The Link Between our Emotional and Physical Health

 In Emotional and Phisical Link, Uncategorized

Our emotional and physical states are linked closer than we know. The way we feel emotionally often spills into our physical state. These two entities are not exclusive of  one another. Numerous studies have demonstrated that one’s emotional state, both short and long term, influences their physical state, and this can be either positively or negatively.

A study from the Stanford University School of Medicine described some advantages and disadvantages to bouts of stress. It is described that while short bouts of stress can boost the immune system and raise levels of cancer fighting molecules, longer lasting stressful states have the opposite effect of suppressing your immune system. Stress activates the sympathetic nervous system leaving you in a fight or flight state.  As a result of this our bodies turn off any long-term building mechanism and focus on the immediate need, thus influencing long term repair and healing. This has a direct negative response to any healing and repairing that would be needed physically, for instance in wound healing. Exposure to chronic stress has particularly been found to raise the risk of cardiovascular disease and diabetes.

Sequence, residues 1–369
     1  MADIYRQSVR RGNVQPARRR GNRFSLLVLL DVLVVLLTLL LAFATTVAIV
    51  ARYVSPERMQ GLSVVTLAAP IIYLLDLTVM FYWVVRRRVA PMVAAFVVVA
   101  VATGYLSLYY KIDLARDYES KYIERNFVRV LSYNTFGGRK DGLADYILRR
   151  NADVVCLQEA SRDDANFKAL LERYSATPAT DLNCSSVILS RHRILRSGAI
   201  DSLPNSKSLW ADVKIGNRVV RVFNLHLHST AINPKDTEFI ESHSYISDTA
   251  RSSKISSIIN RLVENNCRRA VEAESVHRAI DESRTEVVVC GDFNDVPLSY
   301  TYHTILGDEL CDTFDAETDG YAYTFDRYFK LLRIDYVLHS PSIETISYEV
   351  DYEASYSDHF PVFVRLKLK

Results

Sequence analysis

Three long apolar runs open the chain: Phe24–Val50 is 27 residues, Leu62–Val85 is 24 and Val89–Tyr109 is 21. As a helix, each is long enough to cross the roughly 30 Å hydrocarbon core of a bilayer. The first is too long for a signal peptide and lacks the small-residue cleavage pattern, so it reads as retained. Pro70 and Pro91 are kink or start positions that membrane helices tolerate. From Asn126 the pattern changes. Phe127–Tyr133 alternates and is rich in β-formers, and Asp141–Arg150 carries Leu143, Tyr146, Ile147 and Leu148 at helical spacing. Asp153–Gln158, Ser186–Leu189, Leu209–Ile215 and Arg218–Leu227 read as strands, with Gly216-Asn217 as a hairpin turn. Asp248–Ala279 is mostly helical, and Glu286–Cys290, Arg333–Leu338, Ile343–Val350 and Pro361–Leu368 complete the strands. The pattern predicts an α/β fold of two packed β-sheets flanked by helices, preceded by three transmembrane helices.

The reverse is also evident. Not only can your emotional health influence the physical health, physical health can have the same effect on your mental health. People with chronic disease, such as those with heart disease or diabetes, tend to feel more psychological distress than do healthy individuals. Health concerns tend to bring on increased distress and increased risk of depression among chronically ill persons. This emotional state can now exacerbate the physical problem by lessening the motivation needed to help overcome the chronic condition.

Regardless of which falls under the cause and which falls under the effect category, effective treatment is key. Consulting with your primary care physician is always the best place to start. From here, they could refer you to a mental health specialist as needed, and work hand in hand with them. The most important aspect to recognize though is that a relationship does exist. That stress that you’re under is not benign, slows down your physical stability and healing, thus causing you even more stress. Recognition and implementing stress reducing methods is key.

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